Fifty Year Friday: Temptations, Wish it Would Rain; Eric Burdon & The Animals, The Twain Shall Meet; ABA and NBA finals
This excellent album captures the Temptations’ smooth, soulful, and often passionate sound. It is the last album produced by Smokey Robinson and the final album with Ruffin, Kendricks, and bass singer Melvin Franklin taking turns on lead vocal: Mr. Ruffin being dismissed due to disruptive behavior, including insistence on the group’s name being changed to “David Ruffin and the Temptations” mimicking the name change of the Supremes to Diana Ross and The Supremes.
Besides the excellent vocals, we have the Motown studio musicians, named at the time as the Soul Brothers by Motown CEO Berry Gordy, Jr, but not credited on this album or other such albums of the era, and historically referred to as the “Funk Brothers”, in top form.
|A1||I Could Never Love Another (After Loving You)||3:33|
|A3||I Wish It Would Rain||2:48|
|A4||Please Return Your Love To Me||2:26|
|A5||Fan The Flame||2:44|
|A6||He Who Picks A Rose||2:28|
|B1||Why Did You Leave Me Darling||2:11|
|B2||I Truly, Truly Believe||2:44|
|B3||This Is My Beloved||2;13|
|B4||Gonna Give Her All The Love I’ve Got||2:46|
|B5||I’ve Passed This Way Before||2:43|
|B6||No Man Can Love Her Like I Do||2:16|
- David Ruffin – vocals
- Eddie Kendricks – vocals
- Paul Williams – vocals
- Melvin Franklin – vocals
- Otis Williams – vocals
- The Funk Brothers – instrumentation
- Producer: Norman Whitfield
“If you want to find the truth in life, don’t pass music by.” — Eric Burdon
Eric Burdon and the Animals were effective performers at the 1967 Monterey Pop Festival. They recorded “Monterrey”, written about the festival’s performers. Perhaps this was the first rock song written about a concert event (before Joni Mitchell’s “Woodstock” or Deep Purple’s “Smoke on the Water.”) The lyrics are weak, and Burdon even gets Ravi Shankar’s name wrong (“Shanknar”) but there is something special to this song that barely made it to the fifteenth spot on the US pop charts. It opens up with solo koto (or perhaps a similar instrument like the Chinese guzheng) and includes snippets of instrumental sound-painting as some the musicians that performed at the festival are described. In addition, woodwinds and strings are added. It really is a celebration of the time, helped by the lyrics general naiveté and the song’s relentless, expanding energy, as it picks up tempo as it progresses.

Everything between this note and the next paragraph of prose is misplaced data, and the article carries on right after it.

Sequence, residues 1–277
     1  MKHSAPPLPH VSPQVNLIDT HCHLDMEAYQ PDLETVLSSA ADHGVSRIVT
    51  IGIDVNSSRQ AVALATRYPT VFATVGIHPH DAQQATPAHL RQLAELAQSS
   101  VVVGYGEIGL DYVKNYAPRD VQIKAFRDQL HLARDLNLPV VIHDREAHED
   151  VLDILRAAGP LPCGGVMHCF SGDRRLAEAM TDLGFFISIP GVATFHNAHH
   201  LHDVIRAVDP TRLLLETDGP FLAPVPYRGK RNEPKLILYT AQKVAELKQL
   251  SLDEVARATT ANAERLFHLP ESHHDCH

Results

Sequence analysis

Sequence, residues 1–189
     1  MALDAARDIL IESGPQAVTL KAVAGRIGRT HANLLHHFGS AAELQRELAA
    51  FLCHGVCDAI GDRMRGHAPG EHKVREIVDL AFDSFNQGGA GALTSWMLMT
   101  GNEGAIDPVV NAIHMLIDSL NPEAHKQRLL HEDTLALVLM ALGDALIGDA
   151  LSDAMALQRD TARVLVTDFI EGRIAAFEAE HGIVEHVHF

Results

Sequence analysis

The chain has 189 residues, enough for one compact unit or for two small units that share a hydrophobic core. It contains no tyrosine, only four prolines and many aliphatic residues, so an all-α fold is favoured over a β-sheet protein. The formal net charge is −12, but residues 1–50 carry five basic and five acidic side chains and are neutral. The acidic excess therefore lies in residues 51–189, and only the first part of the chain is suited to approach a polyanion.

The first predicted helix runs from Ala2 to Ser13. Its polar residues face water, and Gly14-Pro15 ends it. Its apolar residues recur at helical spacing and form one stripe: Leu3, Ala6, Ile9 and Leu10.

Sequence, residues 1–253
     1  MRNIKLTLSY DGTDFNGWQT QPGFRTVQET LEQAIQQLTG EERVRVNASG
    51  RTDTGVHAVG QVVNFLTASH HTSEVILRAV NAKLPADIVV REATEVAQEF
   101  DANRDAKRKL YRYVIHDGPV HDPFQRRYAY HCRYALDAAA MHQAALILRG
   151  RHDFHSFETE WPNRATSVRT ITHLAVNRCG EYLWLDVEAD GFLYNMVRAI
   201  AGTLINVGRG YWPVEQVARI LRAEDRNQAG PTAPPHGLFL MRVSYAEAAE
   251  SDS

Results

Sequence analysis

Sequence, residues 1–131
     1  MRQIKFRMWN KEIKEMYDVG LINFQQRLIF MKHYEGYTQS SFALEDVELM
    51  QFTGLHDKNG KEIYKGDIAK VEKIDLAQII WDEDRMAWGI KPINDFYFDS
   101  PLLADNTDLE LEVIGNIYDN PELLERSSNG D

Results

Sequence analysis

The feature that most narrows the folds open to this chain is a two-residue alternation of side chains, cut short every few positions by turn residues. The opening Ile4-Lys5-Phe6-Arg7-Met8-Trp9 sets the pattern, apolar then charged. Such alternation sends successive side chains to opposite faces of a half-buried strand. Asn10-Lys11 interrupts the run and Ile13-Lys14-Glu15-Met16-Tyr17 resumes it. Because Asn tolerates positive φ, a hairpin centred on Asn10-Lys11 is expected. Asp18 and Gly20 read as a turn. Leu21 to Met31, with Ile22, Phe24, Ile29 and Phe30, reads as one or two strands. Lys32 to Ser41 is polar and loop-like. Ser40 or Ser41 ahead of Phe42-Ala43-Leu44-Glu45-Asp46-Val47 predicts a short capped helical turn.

The album containing “Monterrey”, The Twain Shall Meet, was released in May of 1968 and is a solid and capable mixture of hard and psychedelic rock, and has much in common with the first albums of harder rock groups and some of the progressive rock groups that followed soon after. If one ignores the weakness in the lyrics and focuses on the music, this album provides a intriguing historical perspective on the early days of hard rock and provides insight into the transition from hard rock to what is commonly labelled as progressive rock.
Track listing [from Wikipedia]
- “Monterey” (4:18)
- “Just the Thought” (3:47)
- “Closer to the Truth” (4:31)
- “No Self Pity” (4:50)
- “Orange and Red Beams” (3:45)
- “Sky Pilot” (7:27)
- “We Love You Lil” (6:48)
- “All Is One” (7:45)
All selections written by Eric Burdon, Vic Briggs, John Weider, Barry Jenkins, & Danny McCulloch except “Orange and Red Beams”, written by McCulloch.
- Eric Burdon – vocals (1, 3, 4, 6-8)
- John Weider – guitar, violin
- Vic Briggs – guitar
- Danny McCulloch – bass, vocals (2, 5)
- Barry Jenkins – drums
Connie Hawkins and the Pittsburgh Pipers defeated Larry Brown and the New Orleans Buccaneers in the seventh game of the very first ABA playoff in front of 11,000 fans, up considerably from their average attendance of around 3,000. Worth mentioning is the price paid for the New Orleans Bucs franchise: exactly $1000.
In other basketball news, the Los Angeles Lakers beat previous Western champion, the San Francisco Warriors, and the Boston Celtics defeated previous NBA champions, Wilt Chamberlain and the 76ers (with Wilt’s getting 34 rebounds in game 7 but his teammates shooting poorly and Wilt receiving limited touches on offense) to meet in the finals where the Lakers (with Jerry West, Elgin Baylor, Archie Clark, and Gail Goodrich) lost the seven game series for the fifth time in seven years to the Celtics, this time in six games.
Wilt Chamberlain, perhaps still upset about the 76ers previously withdrawing a verbal commitment to give Chamberlain part ownership of the team, would demand a trade, indicating the possibility of going to the ABA, and soon Chamberlain would be sent to the Lakers for Archie Clark, Darrall Imhoff, and Jerry Chambers.
This was the first and last year of the ABA Anaheim Amigos, purchased for $30,000 and sold less than a year later for $450,000, renamed to the Los Angeles Stars, and moved from the Anaheim convention Center to the LA Sports Center.